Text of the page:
International Air Passenger Movement Improves in April 2012

While more and more passengers are travelling by air globally, it seems that the impending Euro zone crisis could affect European air traffic, according to the April 2012 global traffic results from the International Air Transport Association (IATA), an international industry association of airlines that is headquartered in Canada.

While global passenger traffic has increased by 6.1 percent in April 2012, with a capacity increase of 3.8 percent, European airlines only registered a passenger demand increase of 5.9 percent for April, despite the fact that the period included the Easter holidays. The load factor is at a record level of 79.3 percent globally, while in Europe it’s at 80.3 percent.

Tony Tyler, the IATA director general and chief executive officer, said, ‘It’s a volatile and risky world. Airlines are being cautious managing through the uncertainty. Overall passenger demand was up 6.1 percent in April and capacity increases were held back to 3.8 percent.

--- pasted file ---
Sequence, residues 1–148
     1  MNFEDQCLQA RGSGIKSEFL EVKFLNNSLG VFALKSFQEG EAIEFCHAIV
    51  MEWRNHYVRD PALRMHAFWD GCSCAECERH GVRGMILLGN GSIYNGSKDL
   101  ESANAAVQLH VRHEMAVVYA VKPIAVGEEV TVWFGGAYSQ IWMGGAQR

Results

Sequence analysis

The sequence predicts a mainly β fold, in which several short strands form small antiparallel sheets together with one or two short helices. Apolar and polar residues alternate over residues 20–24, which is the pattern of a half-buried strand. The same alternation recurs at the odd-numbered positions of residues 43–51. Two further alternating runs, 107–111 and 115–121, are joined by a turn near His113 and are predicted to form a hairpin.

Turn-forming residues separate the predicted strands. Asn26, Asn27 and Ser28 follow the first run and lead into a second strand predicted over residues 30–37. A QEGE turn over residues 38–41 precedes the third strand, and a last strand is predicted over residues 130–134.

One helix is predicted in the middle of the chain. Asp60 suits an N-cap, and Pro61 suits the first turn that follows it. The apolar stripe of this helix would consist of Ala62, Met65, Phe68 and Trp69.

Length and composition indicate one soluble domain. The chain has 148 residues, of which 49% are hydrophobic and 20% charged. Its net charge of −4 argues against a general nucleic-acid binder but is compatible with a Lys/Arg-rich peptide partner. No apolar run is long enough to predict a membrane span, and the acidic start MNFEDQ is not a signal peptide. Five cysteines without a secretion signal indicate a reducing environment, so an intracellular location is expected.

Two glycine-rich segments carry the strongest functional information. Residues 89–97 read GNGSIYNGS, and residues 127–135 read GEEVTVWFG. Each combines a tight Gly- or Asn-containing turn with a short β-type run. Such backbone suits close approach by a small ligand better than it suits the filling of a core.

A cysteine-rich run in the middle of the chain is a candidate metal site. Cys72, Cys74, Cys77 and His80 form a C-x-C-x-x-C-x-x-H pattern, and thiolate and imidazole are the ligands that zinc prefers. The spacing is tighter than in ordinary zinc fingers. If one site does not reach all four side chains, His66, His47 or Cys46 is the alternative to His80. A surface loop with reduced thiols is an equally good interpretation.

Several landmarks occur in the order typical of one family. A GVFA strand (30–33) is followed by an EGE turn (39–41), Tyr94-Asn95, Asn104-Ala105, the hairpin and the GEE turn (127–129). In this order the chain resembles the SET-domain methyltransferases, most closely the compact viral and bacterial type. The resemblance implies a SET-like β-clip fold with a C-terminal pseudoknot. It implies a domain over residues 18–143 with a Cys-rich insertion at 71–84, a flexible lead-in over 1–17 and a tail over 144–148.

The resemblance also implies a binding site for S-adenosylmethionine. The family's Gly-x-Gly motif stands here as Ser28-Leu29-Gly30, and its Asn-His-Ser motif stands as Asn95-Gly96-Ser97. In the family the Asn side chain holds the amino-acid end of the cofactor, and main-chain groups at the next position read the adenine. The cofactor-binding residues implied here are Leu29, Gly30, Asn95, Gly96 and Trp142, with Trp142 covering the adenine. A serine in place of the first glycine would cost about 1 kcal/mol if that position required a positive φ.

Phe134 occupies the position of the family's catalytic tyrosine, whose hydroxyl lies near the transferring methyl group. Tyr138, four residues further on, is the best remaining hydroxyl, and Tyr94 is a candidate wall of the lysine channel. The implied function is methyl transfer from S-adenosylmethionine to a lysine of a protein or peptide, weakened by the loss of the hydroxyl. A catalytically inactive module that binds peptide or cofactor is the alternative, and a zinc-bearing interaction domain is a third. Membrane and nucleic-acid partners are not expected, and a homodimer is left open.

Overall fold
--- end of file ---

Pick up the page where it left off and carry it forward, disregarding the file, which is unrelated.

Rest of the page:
There are signs that cargo has bottomed out. Amid the many distortions that have marked the first four months of the year, it is possible to identify the start of a growth trend in cargo for some parts of the world. But economic uncertainty in Europe makes it very difficult to be optimistic in the near to medium-term.’

Asia-Pacific airlines have reported a growth of 9.3 percent against a capacity expansion of 4.6 percent, and load factors at 78.1 percent for April 2012.

North American airlines reported that passenger demand expanded by 1.6 percent in April, compared to the same period in 2011.

Middle East airlines have announced a 16.0 percent increase in passenger demand for April 2012, against a 12.7 percent capacity expansion and load factor of 78.3 percent.